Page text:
2016 - Fellow of the American Academy of Arts and Sciences
1984 - Fellow of John Simon Guggenheim Memorial Foundation
1979 - Fellow of the American Psychological Association (APA)
His primary scientific interests are in Psychiatry, Suicide prevention, Injury prevention, Human factors and ergonomics and Occupational safety and health. Psychiatry is frequently linked to Clinical psychology in his study. The concepts of his Occupational safety and health study are interwoven with issues in Delusion and Constitution.
His Mental health study integrates concerns from other disciplines, such as Criminal justice, Criminology and Social perception. His Risk assessment research includes themes of Actuarial science, Human Males, Forensic psychiatry and Human Females. His Substance abuse study combines topics from a wide range of disciplines, such as Anger, Aggression, Public health, Social support and Comorbidity.
John Monahan mainly focuses on Psychiatry, Mental health, Risk assessment, Suicide prevention and Injury prevention. His studies deal with areas such as Coercion and Clinical psychology as well as Psychiatry. His Mental health research incorporates elements of Law, Psychiatric hospital, Gerontology and Public health.
His studies in Risk assessment integrate themes in fields like Social psychology, Actuarial science and Criminology, Recidivism. His work blends Suicide prevention and Occupational safety and health studies together. John Monahan undertakes multidisciplinary studies into Injury prevention and Psychological intervention in his work.
The scientist’s investigation covers issues in Risk assessment, Psychiatry, Criminology, Recidivism and Psychological intervention. His Risk assessment research integrates issues from Test, Social psychology, Prison, Plea and Actuarial science. His work on Mental illness as part of general Psychiatry research is often related to Suicide prevention, Human factors and ergonomics and Injury prevention, thus linking different fields of science.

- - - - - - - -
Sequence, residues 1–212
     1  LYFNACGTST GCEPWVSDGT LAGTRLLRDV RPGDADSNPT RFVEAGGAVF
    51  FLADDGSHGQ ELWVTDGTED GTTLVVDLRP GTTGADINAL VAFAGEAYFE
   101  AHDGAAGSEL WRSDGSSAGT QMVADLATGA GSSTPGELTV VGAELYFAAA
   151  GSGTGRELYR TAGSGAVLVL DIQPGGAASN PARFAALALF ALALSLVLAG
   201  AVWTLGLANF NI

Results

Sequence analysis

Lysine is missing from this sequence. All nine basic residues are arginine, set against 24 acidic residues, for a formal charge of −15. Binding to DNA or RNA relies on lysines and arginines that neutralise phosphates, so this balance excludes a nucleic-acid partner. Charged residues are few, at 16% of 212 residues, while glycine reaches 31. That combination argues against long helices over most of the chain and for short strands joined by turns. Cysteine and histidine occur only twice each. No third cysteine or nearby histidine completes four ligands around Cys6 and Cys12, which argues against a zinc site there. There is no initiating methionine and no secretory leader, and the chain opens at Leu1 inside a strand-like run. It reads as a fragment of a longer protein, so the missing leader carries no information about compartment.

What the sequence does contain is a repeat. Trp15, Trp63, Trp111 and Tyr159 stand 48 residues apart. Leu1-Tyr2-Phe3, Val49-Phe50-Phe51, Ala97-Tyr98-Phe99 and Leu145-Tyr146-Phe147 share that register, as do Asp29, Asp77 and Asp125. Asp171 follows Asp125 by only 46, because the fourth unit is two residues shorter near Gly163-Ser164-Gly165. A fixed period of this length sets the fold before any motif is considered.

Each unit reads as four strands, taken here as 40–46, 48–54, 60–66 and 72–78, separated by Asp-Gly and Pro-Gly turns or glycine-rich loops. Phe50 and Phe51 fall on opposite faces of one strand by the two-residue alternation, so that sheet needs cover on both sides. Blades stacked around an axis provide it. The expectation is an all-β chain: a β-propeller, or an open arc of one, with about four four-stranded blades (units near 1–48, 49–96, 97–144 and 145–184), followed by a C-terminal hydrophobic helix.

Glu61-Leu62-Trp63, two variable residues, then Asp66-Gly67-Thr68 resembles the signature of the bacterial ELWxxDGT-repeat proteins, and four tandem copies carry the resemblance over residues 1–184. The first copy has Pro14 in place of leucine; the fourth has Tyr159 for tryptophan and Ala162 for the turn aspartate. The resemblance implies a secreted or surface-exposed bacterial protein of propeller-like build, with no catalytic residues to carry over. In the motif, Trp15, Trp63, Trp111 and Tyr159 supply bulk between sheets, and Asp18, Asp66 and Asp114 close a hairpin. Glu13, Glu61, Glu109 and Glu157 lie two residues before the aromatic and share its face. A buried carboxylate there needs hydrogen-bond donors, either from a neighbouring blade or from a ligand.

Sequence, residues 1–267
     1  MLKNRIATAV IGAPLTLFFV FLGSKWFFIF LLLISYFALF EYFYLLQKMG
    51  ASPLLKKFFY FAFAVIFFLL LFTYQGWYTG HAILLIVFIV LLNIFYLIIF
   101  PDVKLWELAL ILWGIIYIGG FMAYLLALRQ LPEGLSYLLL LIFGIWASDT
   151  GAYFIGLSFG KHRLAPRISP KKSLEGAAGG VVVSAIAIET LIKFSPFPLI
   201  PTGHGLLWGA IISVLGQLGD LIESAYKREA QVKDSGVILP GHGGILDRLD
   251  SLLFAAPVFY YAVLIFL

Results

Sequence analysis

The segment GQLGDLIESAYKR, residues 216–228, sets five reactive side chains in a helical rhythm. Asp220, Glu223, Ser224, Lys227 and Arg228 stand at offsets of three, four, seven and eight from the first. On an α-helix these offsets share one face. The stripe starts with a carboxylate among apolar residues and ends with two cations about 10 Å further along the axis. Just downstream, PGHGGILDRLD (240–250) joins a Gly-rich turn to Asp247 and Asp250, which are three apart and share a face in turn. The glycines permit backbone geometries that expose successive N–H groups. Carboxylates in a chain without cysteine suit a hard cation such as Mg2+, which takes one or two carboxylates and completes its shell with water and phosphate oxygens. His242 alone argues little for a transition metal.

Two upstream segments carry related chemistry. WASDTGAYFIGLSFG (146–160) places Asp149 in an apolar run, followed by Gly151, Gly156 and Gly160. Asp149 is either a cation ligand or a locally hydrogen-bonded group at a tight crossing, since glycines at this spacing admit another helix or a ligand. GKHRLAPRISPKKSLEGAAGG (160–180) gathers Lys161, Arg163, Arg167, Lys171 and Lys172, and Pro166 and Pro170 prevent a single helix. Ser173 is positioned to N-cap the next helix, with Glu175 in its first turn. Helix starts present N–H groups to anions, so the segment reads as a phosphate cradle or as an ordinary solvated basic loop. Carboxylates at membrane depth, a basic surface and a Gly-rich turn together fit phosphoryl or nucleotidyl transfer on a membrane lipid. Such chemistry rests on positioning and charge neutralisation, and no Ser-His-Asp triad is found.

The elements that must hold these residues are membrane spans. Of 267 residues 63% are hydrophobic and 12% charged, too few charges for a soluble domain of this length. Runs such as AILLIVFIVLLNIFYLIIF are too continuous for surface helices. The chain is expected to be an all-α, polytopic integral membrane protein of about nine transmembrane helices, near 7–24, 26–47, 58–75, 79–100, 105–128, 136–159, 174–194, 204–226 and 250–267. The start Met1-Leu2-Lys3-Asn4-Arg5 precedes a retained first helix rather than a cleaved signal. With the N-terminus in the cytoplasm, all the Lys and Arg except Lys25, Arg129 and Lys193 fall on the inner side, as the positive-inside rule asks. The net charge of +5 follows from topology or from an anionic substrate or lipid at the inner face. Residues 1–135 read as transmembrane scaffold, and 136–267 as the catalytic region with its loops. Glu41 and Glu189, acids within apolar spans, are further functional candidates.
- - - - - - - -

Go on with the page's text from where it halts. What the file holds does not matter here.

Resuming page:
Many of his research projects under Suicide prevention are closely connected to Sex offense with Sex offense, tying the diverse disciplines of science together. When carried out as part of a general Criminology research project, his work on Imprisonment is frequently linked to work in Process, Current practice and Redux, therefore connecting diverse disciplines of study. His biological study spans a wide range of topics, including Anger and Medical emergency.
His main research concerns Risk assessment, Suicide prevention, Psychiatry, Occupational safety and health and Injury prevention. His Risk assessment study combines topics in areas such as Social psychology, Criminology, Recidivism, Actuarial science and Mass incarceration. John Monahan performs multidisciplinary studies into Suicide prevention and Mental health in his work.
His Mental health study incorporates themes from Sexual crime, Military service and Medical emergency. The study incorporates disciplines such as Psychotherapist and Coercion in addition to Psychiatry. Occupational safety and health and Human factors and ergonomics are two areas of study in which John Monahan engages in interdisciplinary work.
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Rethinking Risk Assessment: The MacArthur Study of Mental Disorder and Violence
John Monahan;Henry J. Steadman;Eric Silver;Paul S. Appelbaum.
Violence by people discharged from acute psychiatric inpatient facilities and by others in the same neighborhoods.
Henry J. Steadman;Edward P. Mulvey;John Monahan;Pamela Clark Robbins.
Archives of General Psychiatry (1998)
Predicting Violent Behavior: An Assessment of Clinical Techniques
Psychological Science Can Improve Diagnostic Decisions
John A. Swets;Robyn M. Dawes;John Monahan.
Psychological Science in the Public Interest (2000)
Clinical Prediction of Violent Behavior
Psychiatric Annals (1982)
Mental disorder and violent behavior. Perceptions and evidence.
American Psychologist (1992)
Violence and mental disorder: Developments in risk assessment.
John Monahan;Henry J. Steadman.
The public's view of the competence, dangerousness, and need for legal coercion of persons with mental health problems.
Bernice A. Pescosolido;John Monahan;Bruce G. Link;Ann Stueve.
American Journal of Public Health (1999)
Better decisions through science.
John A. Swets;Robyn M. Dawes;John Monahan.
Scientific American (2000)
Violence risk assessment and risk communication: the effects of using actual cases, providing instruction, and employing probability versus frequency formats.
Paul Slovic;John Monahan;Donald G. MacGregor.
Law and Human Behavior (2000)
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